"There are thousands of cases of alleged abuse at immigrant detention centers—and an FBI investigation into abuse claims at a Texas facility. One advocacy group says detained immigrants must be included in reform efforts." [node:read-more:link]
Yesterday, two women joined Laura Monterrosa in speaking out about sexual abuse at the Don T. Hutto Detention Center. One of the women, Ana*, said that she filed a report against the guard who harassed and in return, she was moved to Laredo as an act of retaliation. Both, Laura and Ana’s abusers are still employed at Hutto and as a result, Laura is facing increased retaliation and alienation from CoreCivic officials. Laura’s decision to speak out could have a major impact for all women detained at Hutto, but for that to happen she needs your help.
TAKE ACTION: “I demand that Laura is released immediately, she is a victim and should not be punished for speaking out!”
Ayer, dos mujeres se unieron a Laura Monterrosa para hablar sobre el abuso sexual en el Centro de Detención Don T. Hutto. Una de las mujeres, Ana *, dijo que presentó un informe contra el guardia que hostigaba y, a cambio, la trasladaron a Laredo como un acto de represalia. Ambos, los abusadores de Laura y Ana todavía están empleados en Hutto y como resultado, Laura enfrenta una mayor represalia y alienación por parte de los funcionarios de CoreCivic. La decisión de Laura de hablar abiertamente podría tener un gran impacto para todas las mujeres detenidas en Hutto, pero para que eso suceda necesita su ayuda.
(AUSTIN, Texas) — This week, two additional women joined Laura Monterrosa in speaking out about sexual abuse at Hutto. One woman currently detained in Laredo, “Ana”, who wishes to remain anonymous for fear of further retaliation said in a visit with Grassroots Leadership staff: [node:read-more:link]
AUSTIN — A letter received by advocates at Grassroots Leadership last week from inside the Hutto immigrant detention center describes sexual assaults against two women at the T. Don Hutto immigrant detention center in Taylor, Texas and names two different guards as perpetrators. Laura Monterrosa describes a pattern of sexual assault at Hutto that she has endured since June. [node:read-more:link]
A letter from inside a controversial detention center contains new reports of sexual assault and retaliation against women detained in an immigrant detention center near Austin. The T. Don Hutto detention center, which imprisons asylum-seeking women, has been at the center of sexual assault scandals before. One former guard was even incarcerated for multiple assaults.
Now, a letter sent by L.M. (the woman’s initials) from inside the Hutto detention center describes her and others’ experiences of sexual assault and retaliation and names two guards as perpetrators. The facility in Taylor, Texas, is operated for Immigration and Customs Enforcement (ICE) by the private prison company commonly known as Corrections Corporation of America, or CCA, (which prefers to be called by its new corporate identity “CoreCivic” to obscure their three-decades long history). Guards at the facility are employees of the private prison company.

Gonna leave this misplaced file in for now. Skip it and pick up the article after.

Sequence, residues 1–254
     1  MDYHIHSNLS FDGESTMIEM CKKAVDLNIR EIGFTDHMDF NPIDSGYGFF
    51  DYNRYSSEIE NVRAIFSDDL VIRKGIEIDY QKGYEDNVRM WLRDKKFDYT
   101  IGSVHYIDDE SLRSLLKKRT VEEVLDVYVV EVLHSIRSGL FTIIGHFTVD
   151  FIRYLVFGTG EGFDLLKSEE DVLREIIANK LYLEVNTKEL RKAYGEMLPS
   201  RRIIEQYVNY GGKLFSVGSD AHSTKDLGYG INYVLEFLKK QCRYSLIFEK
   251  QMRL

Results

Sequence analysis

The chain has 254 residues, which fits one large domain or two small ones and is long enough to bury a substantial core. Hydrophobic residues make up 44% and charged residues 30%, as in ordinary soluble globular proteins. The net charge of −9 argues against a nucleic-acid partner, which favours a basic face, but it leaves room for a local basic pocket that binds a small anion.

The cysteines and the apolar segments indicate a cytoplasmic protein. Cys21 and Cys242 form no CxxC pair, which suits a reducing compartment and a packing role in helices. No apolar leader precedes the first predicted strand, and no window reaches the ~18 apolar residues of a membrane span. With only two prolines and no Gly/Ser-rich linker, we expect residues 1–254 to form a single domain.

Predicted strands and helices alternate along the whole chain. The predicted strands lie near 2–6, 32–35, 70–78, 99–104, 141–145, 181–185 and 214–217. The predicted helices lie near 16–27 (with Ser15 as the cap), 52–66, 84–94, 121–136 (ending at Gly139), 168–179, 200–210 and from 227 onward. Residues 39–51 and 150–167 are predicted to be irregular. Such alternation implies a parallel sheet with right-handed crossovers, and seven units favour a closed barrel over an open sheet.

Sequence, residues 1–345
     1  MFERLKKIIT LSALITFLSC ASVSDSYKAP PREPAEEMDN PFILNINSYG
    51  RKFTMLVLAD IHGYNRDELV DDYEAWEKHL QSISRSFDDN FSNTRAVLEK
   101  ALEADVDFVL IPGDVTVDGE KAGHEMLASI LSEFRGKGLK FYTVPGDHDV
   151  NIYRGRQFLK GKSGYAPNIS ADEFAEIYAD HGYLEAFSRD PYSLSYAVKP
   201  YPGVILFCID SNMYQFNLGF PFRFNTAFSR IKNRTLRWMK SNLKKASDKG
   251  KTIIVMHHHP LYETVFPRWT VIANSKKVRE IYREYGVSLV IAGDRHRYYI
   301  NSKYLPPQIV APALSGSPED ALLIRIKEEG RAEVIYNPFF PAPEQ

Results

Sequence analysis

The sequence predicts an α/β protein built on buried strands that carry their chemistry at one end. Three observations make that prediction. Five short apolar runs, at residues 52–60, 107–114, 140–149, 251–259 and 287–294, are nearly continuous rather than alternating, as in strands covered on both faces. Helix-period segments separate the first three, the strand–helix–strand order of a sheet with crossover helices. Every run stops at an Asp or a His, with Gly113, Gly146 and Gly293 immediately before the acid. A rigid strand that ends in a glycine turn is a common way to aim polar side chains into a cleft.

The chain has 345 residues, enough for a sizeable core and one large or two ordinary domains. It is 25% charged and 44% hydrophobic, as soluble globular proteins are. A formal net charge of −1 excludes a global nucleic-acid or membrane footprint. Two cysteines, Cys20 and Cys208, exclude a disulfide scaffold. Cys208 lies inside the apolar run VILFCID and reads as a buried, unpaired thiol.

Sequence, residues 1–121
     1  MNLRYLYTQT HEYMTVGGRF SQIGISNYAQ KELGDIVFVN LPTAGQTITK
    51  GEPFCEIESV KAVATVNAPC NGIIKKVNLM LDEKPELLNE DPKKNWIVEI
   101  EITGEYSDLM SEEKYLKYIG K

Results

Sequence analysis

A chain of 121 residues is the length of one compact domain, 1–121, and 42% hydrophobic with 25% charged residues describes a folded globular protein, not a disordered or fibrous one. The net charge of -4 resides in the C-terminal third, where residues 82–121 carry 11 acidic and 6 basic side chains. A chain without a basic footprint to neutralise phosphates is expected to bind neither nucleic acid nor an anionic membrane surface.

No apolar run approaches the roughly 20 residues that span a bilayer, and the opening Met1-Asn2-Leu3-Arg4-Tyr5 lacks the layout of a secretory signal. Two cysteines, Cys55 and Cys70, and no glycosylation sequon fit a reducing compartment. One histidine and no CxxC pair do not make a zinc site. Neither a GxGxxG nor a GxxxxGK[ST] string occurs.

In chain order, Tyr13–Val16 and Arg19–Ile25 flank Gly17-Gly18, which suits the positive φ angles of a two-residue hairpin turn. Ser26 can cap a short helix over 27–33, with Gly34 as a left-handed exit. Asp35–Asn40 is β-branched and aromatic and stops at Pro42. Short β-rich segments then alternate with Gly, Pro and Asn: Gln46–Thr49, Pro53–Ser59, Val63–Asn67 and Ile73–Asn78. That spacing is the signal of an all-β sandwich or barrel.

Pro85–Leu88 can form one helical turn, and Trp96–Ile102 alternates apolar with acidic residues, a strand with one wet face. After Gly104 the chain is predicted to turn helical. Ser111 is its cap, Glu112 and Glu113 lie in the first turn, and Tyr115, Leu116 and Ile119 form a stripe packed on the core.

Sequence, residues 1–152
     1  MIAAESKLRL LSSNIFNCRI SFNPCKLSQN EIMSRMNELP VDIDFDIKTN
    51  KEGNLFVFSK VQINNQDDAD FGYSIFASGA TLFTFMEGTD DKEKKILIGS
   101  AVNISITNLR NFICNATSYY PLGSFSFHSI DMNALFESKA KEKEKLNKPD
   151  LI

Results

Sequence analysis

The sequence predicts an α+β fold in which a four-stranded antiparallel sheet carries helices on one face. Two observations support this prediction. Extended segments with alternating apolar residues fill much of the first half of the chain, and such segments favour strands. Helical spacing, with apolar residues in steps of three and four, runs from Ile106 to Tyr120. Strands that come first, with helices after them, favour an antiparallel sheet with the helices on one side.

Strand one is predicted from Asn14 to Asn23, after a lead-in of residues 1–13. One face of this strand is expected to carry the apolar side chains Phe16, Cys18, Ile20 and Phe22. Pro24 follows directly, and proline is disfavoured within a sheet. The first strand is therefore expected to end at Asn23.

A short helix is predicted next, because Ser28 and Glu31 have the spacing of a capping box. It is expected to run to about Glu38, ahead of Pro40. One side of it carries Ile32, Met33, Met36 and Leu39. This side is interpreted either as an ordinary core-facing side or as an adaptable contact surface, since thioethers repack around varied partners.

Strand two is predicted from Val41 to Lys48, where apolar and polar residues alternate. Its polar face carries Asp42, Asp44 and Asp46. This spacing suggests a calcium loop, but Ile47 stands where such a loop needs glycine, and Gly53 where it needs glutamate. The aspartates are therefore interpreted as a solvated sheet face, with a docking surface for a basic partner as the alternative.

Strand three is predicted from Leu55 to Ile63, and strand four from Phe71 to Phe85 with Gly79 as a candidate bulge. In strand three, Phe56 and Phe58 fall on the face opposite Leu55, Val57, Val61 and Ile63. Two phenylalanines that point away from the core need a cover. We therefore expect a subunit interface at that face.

The letter describes a pattern of sexual assault that L.M. has endured since June. She writes that a female guard forced her into sexual acts against her will. “She harassed me, telling me threatening words and forcing me to have unwanted relations with her, which I did not want, but I had to do what she wanted,” she described. “She looked for or took advantage of every moment she could to touch my breasts or my legs, she knew where and when she did it, I don't remember dates because there are many. She worked in the recreation area and what she did with me she did with other residents.” [node:read-more:link]
After surviving multiple rapes and death threats from MS-13 gang members, a 35-year-old Salvadoran mother gathered up her 12-year-old daughter and fled to the United States in hopes of seeking asylum. But when they arrived in South Texas in March, she says, they faced a new nightmare — an immigrant detention center where they experienced sexual abuse at the hands of another woman housed in the same room.
The mother, referred to as E.G.S. in court documents, and her daughter are detained in the Karnes County Residential Center, a 500-bed federal immigration detention facility run by the private prison company GEO Group, Inc. Between Karnes and a second facility, the South Texas Family Residential Center in Dilley, Immigration and Customs Enforcement (ICE) is currently detaining approximately 1,800 immigrant mothers and children in Texas.
But in order to comply with a federal order that children be housed in licensed residential centers, Texas must categorize these detention facilities as state child care providers. After a controversial start — Texas made its first attempts to license the facilities behind closed doors without public hearings last fall — the state issued its first child care license to the prison company that manages the Karnes facility in late April.
Now, E.G.S and another mother, along with the Austin nonprofit Grassroots Leadership, have sued to stop the state from issuing further licenses. An Austin judge has temporarily halted the licensing until a court hearing Friday. [node:read-more:link]